As shown in FIGS. 41A and 41B, the sensor 1100 is also sensitive to motion in the direction shown by the arrows “Z1” and “Z2” due to the fact that the brass diaphragm 1106 can be readily flexed in this direction to strain the piezoelectric element 1108. As additionally shown in FIG. 40, there is also good sensitivity to rotational motion (in the direction shown by the arrows “R”). This is due to fact that the mass 1102 is not only unstable by virtue of the coupling connection 1118 to the transducer 1104, it is also unbalanced due to the secondary mass element 1116. The secondary mass element 1116 can be implemented using a steel ball bearing that is secured to or integrated with the primary mass element 1114. The secondary mass element 1116 is located on one side of the central orthogonal axis that extends through a center of gravity of the primary mass element (i.e., along the arrows “Z1” and “Z2” in FIGS. 41B and 41C), preferably at or near the equator (widest diameter portion) of the primary mass element. As shown in FIG. 40, when the sensor 1100 is rotated in direction of the arrows “R”, the secondary mass element 1116 tends to inertially resist rotation of the primary mass element 1116, creating a shearing force at the coupling connection 1118 where the latter is affixed to the transducer 1104. It will be appreciated that there are other shapes which be used in lieu of the spherical secondary mass element 1116, just as there are other shapes that may be used to implement the primary mass element 1114. All such shapes are intended to be included within the scope of the present invention. Moreover, insofar as production implementations of the presently described inertial sensor may feature a single integrated mass that combines the functions of the primary and secondary mass elements, it will be appreciated that any number of integrated shapes could be selected and used for this purpose. These shapes will preferably be non-symmetrical to provide unstable/unbalanced masses, but unstable/balanced masses could also be used. Many different material choices exist.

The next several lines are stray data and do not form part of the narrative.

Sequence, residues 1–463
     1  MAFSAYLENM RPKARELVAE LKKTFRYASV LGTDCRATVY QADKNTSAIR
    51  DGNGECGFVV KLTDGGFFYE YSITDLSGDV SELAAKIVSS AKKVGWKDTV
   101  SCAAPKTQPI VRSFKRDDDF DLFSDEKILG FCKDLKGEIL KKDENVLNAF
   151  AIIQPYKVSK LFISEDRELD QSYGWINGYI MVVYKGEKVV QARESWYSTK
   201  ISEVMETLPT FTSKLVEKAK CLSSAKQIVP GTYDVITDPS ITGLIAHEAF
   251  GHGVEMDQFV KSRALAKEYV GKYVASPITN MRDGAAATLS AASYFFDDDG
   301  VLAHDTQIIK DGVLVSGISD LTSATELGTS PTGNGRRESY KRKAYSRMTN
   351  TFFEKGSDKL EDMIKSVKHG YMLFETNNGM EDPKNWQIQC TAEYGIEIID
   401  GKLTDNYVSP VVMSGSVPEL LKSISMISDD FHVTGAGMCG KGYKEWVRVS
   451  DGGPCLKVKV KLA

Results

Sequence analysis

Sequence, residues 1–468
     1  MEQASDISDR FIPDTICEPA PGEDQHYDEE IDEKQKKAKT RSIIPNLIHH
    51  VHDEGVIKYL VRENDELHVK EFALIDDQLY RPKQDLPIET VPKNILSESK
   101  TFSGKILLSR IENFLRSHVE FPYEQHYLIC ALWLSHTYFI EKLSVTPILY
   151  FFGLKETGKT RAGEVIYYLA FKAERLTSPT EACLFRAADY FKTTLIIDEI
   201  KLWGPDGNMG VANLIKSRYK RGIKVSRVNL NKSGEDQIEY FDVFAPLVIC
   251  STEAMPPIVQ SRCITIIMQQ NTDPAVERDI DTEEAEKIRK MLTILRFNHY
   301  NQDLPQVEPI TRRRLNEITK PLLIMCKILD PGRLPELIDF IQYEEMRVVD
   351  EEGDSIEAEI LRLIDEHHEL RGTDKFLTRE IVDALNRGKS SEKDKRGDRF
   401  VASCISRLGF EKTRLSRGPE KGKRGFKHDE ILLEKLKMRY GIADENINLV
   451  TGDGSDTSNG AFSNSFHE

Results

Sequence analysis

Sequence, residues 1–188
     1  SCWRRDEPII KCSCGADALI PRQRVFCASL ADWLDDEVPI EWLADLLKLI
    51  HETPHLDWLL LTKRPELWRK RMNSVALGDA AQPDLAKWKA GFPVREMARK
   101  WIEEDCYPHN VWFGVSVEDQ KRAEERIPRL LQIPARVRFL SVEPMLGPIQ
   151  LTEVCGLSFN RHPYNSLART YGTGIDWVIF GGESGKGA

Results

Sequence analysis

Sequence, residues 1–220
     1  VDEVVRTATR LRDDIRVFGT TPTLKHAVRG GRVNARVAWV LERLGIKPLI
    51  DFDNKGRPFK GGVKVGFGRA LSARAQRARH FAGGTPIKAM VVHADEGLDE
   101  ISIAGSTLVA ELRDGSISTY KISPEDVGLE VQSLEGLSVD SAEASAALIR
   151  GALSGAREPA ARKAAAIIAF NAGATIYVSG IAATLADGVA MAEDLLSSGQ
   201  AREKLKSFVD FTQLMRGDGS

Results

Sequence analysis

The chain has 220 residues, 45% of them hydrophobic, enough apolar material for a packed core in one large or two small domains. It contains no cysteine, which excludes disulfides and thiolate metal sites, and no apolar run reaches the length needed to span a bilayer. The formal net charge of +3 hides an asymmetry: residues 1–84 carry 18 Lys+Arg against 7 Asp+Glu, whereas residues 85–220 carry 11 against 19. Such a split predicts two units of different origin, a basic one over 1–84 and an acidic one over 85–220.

Turning now to FIG. 42, the sensor 1100 is shown to be implemented in a movement detecting and signal transmitting means arranged in a compact button-shaped construction 1200. In the construction 1200, the sensor 1100 is mounted in the support ring housing 1120. The latter includes mounting tabs 1202 that are secured onto conventional mounting clips 1204 extending from a circuit board 1206. The circuit board 1206 mounts circuit components of the type described above in previous embodiments for processing the output signal of the sensor 1100. The circuit board 1206 can also mount transceiver components for communicating with the receiver means 30. Alternatively, transceiver circuitry could be eliminated if stand-alone sensing is desired with a local sensing output only, or if the sensor 1100 is being used as a switch to control a device (see below).